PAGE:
“The U.S. has put together a STRONG bid w/ Canada & Mexico for the 2026 World Cup,” Trump wrote. “It would be a shame if countries that we always support were to lobby against the U.S. bid. Why should we be supporting these countries when they don’t support us (including at the United Nations)?”

The business mogul turned politician did not specify which countries he was referring to, but the only other contender in the race to be host is Morocco. Due to the political nature of FIFA, soccer’s world governing body, and the tactical nature of voting in such matters, it is widely expected that Morocco will have the support of virtually the entire African continent.

Other voting blocks, including those from Europe and Asia, still are seen as very much up for grabs, with the vote due to be finalized June 13, just before the start of this summer’s World Cup in Russia.

“From the beginning, we have received strong support from the Canadian, Mexican and United States governments,” a statement from the bid committee read, in response to Trump’s remarks. “We are grateful for that support and together our three countries are ready to welcome players and fans from around the world to an extraordinary FIFA World Cup in 2026.”

[USA Today]

Reality

FIFA pointed to its rules governing the selection of the 2026 World Cup hosts on Friday, one day after U.S. President Donald Trump questioned supporting countries that lobby against a joint North American bid.

The governing body’s code of ethics prohibits government interference in all member countries’ respective national soccer federations, and the bidding regulations also warn against “any undue influence on the outcome.”

Trump Thanks Mary Matalin for Praising His Job Performance by Saying ‘I Can Die Happy Now’

President Trump took to Twitter this morning to thank political commentator Mary Matalinfor recent comments she made praising him.

In an interview last month with PJ Media, Matalin said she can “die happy now” because of how well he’s doing.

She offered him specific praise on tax reform.

It’s unclear why Trump is only just now bringing up the comment from a month ago, but he thanked Matalin for it all the same:

[Mediaite]

Senate Confirms Climate Change Denier To Lead NASA

The Senate on Thursday narrowly confirmed Rep. Jim Bridenstine (R-Okla.), a former Navy pilot with no scientific credentials and who doesn’t believe humans are primarily to blame for the global climate crisis, to lead NASA.

Bridenstine will become the first elected official to hold the NASA administrator job. He joins a Cabinet already loaded with people who question the near-universal scientific consensus that climate change is real and that human activity is the primary cause.

The final vote ― which was 50-49 along party lines ― came one day after the Senate narrowly advanced Bridenstine’s nomination, thanks to an about-face from Sen. Marco Rubio (R-Fla.) and a key vote from Sen. Jeff Flake (R-Ariz.). Rubio, who in September told Politico that he worried about Bridenstine’s nomination “could be devastating for the space program,” said in a statement Wednesday that he decided to support the nominee in order to avoid “a gaping leadership void” at NASA.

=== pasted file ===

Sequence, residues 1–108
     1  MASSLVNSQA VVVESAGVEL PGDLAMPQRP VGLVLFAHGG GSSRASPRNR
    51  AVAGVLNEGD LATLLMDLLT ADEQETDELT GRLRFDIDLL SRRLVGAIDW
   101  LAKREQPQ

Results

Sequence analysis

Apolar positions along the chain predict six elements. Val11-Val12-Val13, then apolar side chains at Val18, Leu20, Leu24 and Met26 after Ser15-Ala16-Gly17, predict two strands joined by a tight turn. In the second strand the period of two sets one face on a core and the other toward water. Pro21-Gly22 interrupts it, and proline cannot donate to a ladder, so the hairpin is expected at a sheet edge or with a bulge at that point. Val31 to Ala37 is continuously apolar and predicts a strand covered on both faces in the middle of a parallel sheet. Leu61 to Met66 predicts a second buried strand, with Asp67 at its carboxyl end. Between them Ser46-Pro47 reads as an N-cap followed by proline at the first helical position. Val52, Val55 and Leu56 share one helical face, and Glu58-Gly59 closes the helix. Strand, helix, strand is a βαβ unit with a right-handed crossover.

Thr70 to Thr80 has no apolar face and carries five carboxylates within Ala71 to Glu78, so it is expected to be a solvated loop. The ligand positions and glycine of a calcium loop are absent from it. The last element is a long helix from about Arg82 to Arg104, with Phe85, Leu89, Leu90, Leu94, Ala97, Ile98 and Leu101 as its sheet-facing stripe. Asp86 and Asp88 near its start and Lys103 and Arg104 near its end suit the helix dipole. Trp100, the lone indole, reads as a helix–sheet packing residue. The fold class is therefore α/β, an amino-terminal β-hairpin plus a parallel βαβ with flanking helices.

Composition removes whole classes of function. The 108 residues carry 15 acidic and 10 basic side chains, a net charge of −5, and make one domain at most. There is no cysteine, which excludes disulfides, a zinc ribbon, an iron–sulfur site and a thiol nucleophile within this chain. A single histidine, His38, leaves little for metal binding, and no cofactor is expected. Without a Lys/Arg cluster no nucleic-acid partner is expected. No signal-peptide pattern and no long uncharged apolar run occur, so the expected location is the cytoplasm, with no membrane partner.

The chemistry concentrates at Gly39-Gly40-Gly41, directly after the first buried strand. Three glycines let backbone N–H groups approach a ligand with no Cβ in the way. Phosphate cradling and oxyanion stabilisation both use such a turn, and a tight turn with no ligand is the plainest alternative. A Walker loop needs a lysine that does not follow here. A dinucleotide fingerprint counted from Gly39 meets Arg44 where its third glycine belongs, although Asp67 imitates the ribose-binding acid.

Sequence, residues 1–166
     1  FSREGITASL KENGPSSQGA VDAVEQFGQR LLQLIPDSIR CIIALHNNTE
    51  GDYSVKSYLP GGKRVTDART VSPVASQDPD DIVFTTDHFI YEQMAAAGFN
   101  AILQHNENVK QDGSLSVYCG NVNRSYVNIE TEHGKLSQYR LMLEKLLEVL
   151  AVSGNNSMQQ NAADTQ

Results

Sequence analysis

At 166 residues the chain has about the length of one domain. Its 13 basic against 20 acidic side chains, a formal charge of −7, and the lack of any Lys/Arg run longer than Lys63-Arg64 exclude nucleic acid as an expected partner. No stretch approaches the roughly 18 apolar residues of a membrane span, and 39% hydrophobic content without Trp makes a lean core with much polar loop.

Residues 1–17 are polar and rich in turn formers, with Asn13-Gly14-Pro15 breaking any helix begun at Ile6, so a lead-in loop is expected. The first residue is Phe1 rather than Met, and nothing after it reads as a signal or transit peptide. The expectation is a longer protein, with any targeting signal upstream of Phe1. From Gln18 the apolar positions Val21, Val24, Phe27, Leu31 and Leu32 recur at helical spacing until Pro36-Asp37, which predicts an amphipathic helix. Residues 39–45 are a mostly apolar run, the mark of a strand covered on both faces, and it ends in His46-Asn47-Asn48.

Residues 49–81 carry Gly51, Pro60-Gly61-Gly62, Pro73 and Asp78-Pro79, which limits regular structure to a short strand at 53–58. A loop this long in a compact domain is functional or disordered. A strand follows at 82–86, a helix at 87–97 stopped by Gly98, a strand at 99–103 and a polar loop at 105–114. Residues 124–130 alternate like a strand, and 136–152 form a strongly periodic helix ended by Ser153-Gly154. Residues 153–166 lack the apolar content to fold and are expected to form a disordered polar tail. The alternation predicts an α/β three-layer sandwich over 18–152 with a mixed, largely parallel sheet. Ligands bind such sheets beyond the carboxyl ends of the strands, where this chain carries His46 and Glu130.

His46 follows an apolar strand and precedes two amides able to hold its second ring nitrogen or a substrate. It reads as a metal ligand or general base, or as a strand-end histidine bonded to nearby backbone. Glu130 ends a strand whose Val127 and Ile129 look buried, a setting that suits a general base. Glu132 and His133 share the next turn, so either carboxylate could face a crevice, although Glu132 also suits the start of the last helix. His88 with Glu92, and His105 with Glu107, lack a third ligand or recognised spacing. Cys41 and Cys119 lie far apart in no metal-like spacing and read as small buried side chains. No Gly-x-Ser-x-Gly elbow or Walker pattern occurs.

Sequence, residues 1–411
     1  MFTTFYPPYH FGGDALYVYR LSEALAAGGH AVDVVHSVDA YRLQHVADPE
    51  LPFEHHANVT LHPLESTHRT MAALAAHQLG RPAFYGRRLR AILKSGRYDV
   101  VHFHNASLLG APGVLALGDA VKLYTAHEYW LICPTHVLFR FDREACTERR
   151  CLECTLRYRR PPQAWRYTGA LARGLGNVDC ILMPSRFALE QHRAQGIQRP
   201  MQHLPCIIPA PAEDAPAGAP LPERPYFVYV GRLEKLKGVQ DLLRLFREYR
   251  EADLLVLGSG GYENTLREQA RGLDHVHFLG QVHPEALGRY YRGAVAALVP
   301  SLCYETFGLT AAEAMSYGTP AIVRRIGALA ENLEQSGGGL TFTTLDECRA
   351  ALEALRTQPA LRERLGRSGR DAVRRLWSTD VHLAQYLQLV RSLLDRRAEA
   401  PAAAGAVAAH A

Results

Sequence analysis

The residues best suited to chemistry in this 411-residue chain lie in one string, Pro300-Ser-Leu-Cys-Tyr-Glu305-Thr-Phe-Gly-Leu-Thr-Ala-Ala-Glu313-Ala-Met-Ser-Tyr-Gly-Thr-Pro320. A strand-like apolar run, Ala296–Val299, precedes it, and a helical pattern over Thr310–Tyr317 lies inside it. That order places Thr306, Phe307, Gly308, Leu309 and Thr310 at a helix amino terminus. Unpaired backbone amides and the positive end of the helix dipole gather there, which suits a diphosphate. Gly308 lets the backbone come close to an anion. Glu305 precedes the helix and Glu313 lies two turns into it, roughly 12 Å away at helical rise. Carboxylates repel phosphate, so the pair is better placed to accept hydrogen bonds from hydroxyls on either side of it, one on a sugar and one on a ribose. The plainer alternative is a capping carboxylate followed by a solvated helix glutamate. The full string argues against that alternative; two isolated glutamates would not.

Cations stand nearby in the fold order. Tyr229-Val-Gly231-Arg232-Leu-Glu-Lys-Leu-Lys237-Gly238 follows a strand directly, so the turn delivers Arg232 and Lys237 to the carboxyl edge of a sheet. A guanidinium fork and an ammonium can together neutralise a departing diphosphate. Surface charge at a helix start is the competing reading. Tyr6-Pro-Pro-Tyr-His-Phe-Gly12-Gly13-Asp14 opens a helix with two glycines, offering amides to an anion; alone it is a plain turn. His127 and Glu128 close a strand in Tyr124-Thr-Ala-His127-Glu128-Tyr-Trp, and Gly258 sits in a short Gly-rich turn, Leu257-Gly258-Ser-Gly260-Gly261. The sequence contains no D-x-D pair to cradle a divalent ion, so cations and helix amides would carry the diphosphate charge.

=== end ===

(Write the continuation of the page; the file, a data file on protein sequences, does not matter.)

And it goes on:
Much like the procedural vote on Wednesday, which was temporarily deadlocked at 49-49, Thursday’s confirmation ultimately hinged on Flake, who voted in favor only after a bit of drama that included a long discussion with Senate Majority Leader Mitch McConnell (R-Ky.) and stepping out for a phone call, as CNN’s Manu Raju reports.

Bridenstine will replace Robert Lightfoot Jr., who has been serving as acting administrator since previous NASA administrator, Charles Bolden Jr., resigned from his post in January.

In a statement following Thursday’s vote, Bridenstine said he is humbled by the opportunity. “I look forward to working with the outstanding team at NASA to achieve the President’s vision for American leadership in space,” he said.

[Huffington Post]

Trump threatens to pull funding for California National Guard deployment

President Donald Trump lashed out at California Gov. Jerry Brown on Thursday, insisting that his administration won’t pay for the state’s National Guard deployment unless the troops help enforce US immigration laws at the border.

“Governor Jerry Brown announced he will deploy ‘up to 400 National Guard Troops’ to do nothing,” Trump tweeted. “The crime rate in California is high enough, and the Federal Government will not be paying for Governor Brown’s charade. We need border security and action, not words!”

Later Thursday, Trump tweeted more about immigration policy.

“Sanctuary Cities released at least 142 Gang Members across the United States, making it easy for them to commit all forms of violent crimes where none would have existed. We are doing a great job of law enforcement, but things such as this make safety in America difficult!”

Trump’s tweets comes less than 24 hours after Brown, a Democrat, agreed to send more National Guard troops to the US-Mexico border. Brown said that the mission would be limited.

“Let’s be crystal clear on the scope of this mission,” Brown said. “This will not be a mission to build a new wall. It will not be a mission to round up women and children or detain people escaping violence and seeking a better life. And the California National Guard will not be enforcing federal immigration laws.”